Last week, at the end of an investment presentation, a delegate to whom I had been introduced turned to me when he was getting his coat and stated that he “would never appoint a solicitor as an Executor”. I was struck by the tone in which he had given his parting comment and the fact that the remark had seemingly no context.
I drove back to the office feeling perplexed. On returning to my desk I remembered that I had read an article in the Sunday Times on 4 November about professional Executors’ fees being ‘crippling’, ‘exorbitant’ and ‘stripping’ estates and went back to read the comments section on the online version of the article and a response written by a fellow Solicitors for the Elderly member which had been published to LinkedIn.
It seems like each month a different profession is criticised and vilified, and November 2017 was the turn of the private client lawyer.
So should people appoint professional Executors?
In a Will meeting, I find that clients often ask "Do I have to appoint a professional Executor?" My answer to that would, obviously be "no". If the question were "Should I appoint a professional Executor?" my answer would entirely depend on the client's personal circumstances. There are in fact many reasons why clients approach trusted professionals such as Solicitors and Accountants to expressly request them to act as their Executors and deal with their affairs after their deaths. The reasons why clients want to employ professional Executors differ in each case but some common trends are outlined below.
One of the most frequently given reasons is that clients wish to allow their family to grieve rather than to be burdened with the responsibility of administering the financial affairs of a deceased loved one. Some of us are not natural organisers and don't cope well in a crisis. It can be of great comfort for a Testator, especially, I find, ones who are already ill and have gauged that their families are going to struggle with loss, to be able to nominate a professional to relieve the family of what they predict will be an unwelcome burden at a stressful and emotional time.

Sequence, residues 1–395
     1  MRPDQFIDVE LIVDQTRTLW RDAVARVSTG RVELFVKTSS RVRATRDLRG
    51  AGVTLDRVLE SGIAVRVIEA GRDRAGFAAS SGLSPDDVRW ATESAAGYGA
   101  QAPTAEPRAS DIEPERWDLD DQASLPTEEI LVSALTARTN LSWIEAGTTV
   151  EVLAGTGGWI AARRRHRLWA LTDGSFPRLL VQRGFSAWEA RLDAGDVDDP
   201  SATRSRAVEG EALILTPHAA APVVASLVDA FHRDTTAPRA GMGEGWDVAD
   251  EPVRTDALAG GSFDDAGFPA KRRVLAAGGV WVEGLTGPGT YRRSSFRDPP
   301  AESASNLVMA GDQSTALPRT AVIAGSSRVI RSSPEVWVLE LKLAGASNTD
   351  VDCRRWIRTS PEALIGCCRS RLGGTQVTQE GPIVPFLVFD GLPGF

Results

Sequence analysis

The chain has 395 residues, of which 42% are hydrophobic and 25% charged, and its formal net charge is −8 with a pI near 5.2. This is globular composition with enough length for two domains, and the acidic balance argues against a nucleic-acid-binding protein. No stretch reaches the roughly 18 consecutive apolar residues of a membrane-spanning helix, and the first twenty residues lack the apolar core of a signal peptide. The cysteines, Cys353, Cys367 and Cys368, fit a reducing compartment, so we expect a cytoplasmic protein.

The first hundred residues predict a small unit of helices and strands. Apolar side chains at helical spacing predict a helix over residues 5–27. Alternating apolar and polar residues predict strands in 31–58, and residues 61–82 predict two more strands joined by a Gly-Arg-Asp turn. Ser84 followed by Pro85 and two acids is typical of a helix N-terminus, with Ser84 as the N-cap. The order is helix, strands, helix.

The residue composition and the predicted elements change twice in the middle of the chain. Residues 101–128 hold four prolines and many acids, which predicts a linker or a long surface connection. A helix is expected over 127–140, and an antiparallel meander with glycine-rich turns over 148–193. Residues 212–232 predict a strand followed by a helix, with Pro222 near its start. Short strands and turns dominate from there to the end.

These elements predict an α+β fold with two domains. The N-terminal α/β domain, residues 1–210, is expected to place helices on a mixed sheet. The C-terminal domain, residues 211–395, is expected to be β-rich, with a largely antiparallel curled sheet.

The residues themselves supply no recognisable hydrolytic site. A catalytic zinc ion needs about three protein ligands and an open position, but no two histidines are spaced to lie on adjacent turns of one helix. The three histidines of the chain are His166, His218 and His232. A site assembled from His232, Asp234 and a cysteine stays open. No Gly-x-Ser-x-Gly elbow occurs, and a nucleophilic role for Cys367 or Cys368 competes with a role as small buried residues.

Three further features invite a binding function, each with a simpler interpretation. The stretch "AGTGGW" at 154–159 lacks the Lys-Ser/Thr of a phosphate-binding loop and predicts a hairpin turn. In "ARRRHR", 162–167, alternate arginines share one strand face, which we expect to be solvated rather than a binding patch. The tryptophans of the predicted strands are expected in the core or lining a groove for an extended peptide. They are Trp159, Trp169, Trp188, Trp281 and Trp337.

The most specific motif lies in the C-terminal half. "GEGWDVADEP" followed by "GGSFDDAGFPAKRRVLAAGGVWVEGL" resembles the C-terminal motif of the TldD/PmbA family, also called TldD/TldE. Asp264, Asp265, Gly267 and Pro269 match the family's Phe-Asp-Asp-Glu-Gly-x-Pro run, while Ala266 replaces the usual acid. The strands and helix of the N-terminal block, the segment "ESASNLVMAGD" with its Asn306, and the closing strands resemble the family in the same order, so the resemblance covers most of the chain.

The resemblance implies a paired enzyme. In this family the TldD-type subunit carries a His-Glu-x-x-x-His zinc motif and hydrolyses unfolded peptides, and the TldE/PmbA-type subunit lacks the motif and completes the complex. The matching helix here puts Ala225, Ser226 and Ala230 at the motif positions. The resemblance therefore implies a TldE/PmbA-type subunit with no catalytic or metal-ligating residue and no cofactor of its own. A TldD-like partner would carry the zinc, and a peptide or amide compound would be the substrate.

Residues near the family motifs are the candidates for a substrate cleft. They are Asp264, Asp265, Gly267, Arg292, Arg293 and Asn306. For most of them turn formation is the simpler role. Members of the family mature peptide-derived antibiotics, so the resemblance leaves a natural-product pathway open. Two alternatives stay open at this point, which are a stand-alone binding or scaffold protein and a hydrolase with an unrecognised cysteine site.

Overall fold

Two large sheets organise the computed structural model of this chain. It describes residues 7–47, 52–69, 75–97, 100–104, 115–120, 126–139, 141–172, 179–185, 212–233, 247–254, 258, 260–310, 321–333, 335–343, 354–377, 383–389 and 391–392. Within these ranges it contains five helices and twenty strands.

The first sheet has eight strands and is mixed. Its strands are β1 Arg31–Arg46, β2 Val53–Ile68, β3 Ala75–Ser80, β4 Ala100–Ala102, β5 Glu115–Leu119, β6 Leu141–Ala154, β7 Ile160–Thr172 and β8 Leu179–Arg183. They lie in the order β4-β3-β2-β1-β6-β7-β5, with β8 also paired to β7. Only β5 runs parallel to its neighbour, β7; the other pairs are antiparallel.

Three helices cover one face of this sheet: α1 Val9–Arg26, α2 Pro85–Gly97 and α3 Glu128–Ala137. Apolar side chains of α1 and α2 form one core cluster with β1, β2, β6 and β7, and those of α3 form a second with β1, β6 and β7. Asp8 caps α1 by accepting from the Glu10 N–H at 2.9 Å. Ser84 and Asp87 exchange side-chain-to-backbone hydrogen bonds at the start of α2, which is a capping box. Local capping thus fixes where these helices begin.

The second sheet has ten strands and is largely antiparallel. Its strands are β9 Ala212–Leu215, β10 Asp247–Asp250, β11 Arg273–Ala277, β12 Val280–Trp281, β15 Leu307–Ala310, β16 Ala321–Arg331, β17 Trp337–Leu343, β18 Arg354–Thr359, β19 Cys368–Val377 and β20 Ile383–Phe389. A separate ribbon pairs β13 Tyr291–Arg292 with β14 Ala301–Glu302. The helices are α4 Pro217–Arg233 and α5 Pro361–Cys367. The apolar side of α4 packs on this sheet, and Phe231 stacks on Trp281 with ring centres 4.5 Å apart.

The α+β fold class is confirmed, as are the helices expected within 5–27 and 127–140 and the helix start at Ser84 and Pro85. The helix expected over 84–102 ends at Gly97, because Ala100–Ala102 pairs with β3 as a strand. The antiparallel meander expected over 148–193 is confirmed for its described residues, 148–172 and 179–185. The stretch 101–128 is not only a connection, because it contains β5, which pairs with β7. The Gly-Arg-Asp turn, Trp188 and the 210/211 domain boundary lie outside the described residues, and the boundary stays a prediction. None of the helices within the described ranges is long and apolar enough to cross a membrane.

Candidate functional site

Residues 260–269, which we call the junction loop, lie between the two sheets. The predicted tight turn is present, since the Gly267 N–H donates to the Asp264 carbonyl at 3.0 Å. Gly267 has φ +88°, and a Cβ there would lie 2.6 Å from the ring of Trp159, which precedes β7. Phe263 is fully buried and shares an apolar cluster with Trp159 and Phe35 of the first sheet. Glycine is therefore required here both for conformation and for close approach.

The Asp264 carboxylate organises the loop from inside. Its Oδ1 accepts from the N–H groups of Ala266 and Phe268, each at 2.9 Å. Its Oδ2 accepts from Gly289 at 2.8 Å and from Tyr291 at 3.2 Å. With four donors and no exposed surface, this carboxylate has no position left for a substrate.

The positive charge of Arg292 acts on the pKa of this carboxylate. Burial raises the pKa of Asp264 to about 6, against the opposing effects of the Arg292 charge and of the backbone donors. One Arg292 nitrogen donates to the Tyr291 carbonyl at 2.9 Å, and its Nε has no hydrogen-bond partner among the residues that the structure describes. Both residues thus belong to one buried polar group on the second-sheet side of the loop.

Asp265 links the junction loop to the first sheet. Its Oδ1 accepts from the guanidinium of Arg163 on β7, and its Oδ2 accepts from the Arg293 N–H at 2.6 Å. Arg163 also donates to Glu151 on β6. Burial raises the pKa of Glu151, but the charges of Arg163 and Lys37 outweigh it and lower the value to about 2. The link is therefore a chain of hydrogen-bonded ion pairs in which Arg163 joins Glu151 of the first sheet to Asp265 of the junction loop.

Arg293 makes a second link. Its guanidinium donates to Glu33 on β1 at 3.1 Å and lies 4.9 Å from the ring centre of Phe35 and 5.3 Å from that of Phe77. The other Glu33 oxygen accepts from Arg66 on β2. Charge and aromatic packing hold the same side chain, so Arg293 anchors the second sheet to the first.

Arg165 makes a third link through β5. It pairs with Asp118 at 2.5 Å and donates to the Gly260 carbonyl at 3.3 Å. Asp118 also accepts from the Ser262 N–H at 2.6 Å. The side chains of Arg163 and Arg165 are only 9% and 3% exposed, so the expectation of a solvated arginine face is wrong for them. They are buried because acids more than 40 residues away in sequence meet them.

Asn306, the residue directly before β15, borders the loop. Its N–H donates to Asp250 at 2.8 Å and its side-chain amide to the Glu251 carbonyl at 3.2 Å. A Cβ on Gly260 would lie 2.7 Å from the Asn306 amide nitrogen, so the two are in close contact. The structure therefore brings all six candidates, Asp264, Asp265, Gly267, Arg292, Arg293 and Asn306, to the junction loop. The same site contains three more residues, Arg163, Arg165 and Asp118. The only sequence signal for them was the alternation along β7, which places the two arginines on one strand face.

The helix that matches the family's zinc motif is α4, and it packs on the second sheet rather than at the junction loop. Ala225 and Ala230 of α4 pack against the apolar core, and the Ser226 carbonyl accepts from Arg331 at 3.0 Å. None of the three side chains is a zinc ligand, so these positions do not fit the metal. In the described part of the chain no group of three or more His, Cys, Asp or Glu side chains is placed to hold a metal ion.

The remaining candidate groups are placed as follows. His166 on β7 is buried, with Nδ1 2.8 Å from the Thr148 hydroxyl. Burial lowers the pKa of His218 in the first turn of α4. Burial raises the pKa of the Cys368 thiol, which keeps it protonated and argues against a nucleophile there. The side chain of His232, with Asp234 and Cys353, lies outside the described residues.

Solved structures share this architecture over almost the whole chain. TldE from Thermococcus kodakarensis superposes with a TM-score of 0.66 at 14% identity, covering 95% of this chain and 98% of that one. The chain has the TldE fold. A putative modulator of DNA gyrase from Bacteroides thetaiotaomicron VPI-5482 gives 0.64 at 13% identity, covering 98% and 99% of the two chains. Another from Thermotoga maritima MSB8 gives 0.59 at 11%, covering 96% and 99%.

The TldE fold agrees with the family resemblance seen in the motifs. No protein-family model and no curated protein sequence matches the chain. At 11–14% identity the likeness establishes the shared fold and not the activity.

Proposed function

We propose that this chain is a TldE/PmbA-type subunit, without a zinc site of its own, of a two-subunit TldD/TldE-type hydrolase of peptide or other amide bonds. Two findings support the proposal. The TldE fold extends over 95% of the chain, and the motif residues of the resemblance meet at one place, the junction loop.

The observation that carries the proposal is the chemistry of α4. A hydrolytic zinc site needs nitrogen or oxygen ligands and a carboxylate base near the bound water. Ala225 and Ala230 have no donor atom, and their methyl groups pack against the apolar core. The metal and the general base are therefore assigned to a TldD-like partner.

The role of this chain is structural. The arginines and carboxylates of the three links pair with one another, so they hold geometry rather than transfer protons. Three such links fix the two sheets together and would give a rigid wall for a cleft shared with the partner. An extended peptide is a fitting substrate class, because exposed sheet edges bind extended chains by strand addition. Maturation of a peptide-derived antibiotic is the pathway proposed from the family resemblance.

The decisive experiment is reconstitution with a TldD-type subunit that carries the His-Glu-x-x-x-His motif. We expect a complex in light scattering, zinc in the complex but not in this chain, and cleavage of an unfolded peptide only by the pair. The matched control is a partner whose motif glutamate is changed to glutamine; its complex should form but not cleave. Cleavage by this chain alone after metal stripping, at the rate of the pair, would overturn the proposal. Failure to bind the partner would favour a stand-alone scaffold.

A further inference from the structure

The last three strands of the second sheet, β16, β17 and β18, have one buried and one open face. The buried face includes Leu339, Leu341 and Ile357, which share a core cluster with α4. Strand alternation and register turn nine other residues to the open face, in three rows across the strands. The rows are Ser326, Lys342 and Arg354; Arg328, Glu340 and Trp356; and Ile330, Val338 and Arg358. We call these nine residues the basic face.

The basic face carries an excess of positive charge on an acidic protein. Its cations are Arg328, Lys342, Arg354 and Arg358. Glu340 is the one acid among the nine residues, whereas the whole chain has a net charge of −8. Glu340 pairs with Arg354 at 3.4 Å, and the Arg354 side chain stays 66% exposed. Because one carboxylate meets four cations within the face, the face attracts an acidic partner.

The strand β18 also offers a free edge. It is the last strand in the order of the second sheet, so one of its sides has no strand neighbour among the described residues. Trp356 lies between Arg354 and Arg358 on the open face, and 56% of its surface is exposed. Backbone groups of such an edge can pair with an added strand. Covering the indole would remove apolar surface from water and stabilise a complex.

Sometimes clients appoint professional Executors because they are accustomed to delegating their complex affairs and have lifelong (or career long) relationships with their advisors. Complex affairs can mean cross-border matters (such as domicile or overseas assets), can be in terms of tax (whether it be the taxation of an individual or an individual’s interest in a business) or because of the need to ensure that a business will continue to operate post the death of a key member. Professional advisers can be best placed to act as Executors in these circumstances.
On a similar vein, if a Testator is aware that their (non-professional) Executors will need to appoint professionals to provide advice, a Testator ensures that their own choice of professional is instructed when they appoint their own professional Executor. This can be an important motivator.
If a Testator’s affairs are less complex on the whole but there is an area of complexity for which a Testator has always sought advice, professional Executors can be appointed to deal with these matters, with the remainder of the deceased’s affairs being left for the family to manage. Typical examples of this restricted Executor role involve Executors appointed specifically to deal with digital assets, literary estate, intellectual property and/or assets abroad. Testators can also appoint separate Executors to take over, on their death, the administration of an estate for which they themselves are acting as an Executor.
Where a Trust is involved, a Testator will often opt to have a professional Executor (and Trustee). There may be ongoing Family Trusts or Trusts for minors or vulnerable beneficiaries (which can continue long after the remainder of the estate has been settled). Many Trusts are simple and require little professional input but where matters are more involved, a professional Trustee in the form of a Trust corporation can assist with longevity and continuity.
Whether an estate is complex or not, if a Testator knows that there is likely to be conflict following their death, a professional Executor can be appointed to act as an impartial or neutral party. A professional Executor can make decisions objectively and at a necessary distance from emotional complications. Families can have long-standing disputes or a Testator may be aware that a dispute is likely to arise on their death, whether in relation to 1975 Act claims, claims of lack of capacity, undue influence or because, for example, an Executor has been directed to take an action under the terms of the Will that is likely to prove unpopular.
When professionals agree to be Executors, Trustees, Guardians, Attorneys or Deputies we are providing a service. It is a service for which we charge, of course, but it is a service which many clients are willing to pay for and which many bereaved families find invaluable.